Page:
“In his statement last week, Castrilln Hoyos cited a ‘climate of pansexualism and sexual libertinism’ pervasive in the world that, he said, has contributed to ‘some’ priests’ having ‘committed the extremely grave crime of sexual abuse.’ Yet the laws of the church, he said, are ‘serious and strict’ and were conceived ‘within the apostolic tradition of handling internal matters internally.’ He pointed to new rules introduced last year whereby the Vatican’s powerful Congregation for the Doctrine of the Faith now oversees all youth-sex-abuse investigations. That new policy, which was quietly disseminated among the bishops last spring but revealed publicly only in January, requires bishops to inform Rome and launch a local investigation at the first hint of such allegations involving a priest. But to protect the rights of the accused and the identities of victims, the rules provide for a secret ecclesiastical tribunal in Rome to handle these cases. Critics have charged that this is just another attempt to keep potential scandals under wraps. They note that American bishops asked the Vatican several years ago for greater authority to remove priests who refuse to step aside, without having to go through the church’s cumbersome canonical court system. So far, they have not received an answer.”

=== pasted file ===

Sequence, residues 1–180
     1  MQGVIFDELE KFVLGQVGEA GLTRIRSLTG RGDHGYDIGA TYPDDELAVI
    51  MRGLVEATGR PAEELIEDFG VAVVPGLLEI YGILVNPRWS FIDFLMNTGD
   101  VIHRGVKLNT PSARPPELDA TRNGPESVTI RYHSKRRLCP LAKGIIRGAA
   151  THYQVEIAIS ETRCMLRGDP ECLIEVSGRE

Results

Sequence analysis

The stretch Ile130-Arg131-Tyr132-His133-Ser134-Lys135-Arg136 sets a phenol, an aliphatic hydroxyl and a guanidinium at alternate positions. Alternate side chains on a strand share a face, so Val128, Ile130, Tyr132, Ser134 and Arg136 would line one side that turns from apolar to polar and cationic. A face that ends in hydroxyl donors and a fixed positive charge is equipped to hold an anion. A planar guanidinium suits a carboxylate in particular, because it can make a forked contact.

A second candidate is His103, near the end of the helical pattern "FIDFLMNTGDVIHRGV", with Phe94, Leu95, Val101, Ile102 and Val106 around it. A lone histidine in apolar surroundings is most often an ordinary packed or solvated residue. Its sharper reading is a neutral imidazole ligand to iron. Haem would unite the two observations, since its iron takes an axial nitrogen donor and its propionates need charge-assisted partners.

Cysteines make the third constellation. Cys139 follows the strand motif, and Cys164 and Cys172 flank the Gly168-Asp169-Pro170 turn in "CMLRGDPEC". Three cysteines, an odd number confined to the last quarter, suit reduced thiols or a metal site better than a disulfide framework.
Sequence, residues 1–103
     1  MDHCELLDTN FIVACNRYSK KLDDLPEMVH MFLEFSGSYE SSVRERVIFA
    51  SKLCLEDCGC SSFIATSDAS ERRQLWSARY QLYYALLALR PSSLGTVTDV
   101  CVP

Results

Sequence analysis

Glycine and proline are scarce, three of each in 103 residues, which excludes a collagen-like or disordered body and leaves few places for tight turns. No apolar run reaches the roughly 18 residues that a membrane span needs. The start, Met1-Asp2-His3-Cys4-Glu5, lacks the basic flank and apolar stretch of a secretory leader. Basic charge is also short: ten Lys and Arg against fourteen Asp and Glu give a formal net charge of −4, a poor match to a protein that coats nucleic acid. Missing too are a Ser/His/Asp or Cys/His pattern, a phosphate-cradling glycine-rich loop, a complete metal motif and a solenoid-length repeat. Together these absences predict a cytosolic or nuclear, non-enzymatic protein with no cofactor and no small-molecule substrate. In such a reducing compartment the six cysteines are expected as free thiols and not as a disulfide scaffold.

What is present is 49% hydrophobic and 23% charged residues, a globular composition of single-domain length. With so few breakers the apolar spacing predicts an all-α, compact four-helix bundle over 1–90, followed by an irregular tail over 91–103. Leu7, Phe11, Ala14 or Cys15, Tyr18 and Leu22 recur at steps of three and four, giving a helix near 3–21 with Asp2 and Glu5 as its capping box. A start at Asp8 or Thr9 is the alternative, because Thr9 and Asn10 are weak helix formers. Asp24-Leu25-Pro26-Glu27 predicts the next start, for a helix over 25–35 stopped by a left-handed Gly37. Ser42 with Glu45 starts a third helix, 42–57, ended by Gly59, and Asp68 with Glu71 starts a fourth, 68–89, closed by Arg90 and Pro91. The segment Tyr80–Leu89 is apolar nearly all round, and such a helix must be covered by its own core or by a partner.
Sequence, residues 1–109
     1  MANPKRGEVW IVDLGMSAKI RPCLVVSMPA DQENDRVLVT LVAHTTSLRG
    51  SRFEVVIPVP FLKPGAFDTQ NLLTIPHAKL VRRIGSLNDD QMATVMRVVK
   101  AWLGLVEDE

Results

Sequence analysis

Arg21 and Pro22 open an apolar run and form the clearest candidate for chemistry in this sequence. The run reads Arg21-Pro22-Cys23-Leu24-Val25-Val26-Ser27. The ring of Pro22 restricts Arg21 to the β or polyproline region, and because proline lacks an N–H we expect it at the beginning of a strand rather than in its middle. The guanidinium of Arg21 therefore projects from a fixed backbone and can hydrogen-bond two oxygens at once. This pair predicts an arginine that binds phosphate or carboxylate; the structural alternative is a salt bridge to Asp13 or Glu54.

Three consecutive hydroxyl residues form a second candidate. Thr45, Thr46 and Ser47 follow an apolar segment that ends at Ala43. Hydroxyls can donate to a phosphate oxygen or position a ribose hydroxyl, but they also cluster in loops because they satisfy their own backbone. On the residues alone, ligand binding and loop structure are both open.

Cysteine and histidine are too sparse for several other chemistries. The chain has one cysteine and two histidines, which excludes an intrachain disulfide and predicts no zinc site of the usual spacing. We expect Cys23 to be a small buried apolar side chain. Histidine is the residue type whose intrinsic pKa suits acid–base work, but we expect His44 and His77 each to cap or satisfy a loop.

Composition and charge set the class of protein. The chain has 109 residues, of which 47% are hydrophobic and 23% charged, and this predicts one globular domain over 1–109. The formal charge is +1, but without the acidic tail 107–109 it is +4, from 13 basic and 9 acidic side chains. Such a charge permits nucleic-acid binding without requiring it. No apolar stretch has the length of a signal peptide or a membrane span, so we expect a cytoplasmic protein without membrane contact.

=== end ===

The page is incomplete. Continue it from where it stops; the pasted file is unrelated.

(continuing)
A summit meeting of two days during the week of April 22 was held by the Pope with the Cardinals. Nothing was decided. A summation of the meeting published by the Associated Press in Chicago on April 27, 2002, said:

“Cardinal Francis George returned home Saturday from an extraordinary meeting with the pope still unconvinced that a ‘zero-tolerance’ policy is the best way to deal with priests who have abused children.

“American cardinals returned from meetings at the Vatican with differing views of Pope John Paul II’s get-tough policy to deal with the church’s sex abuse scandal.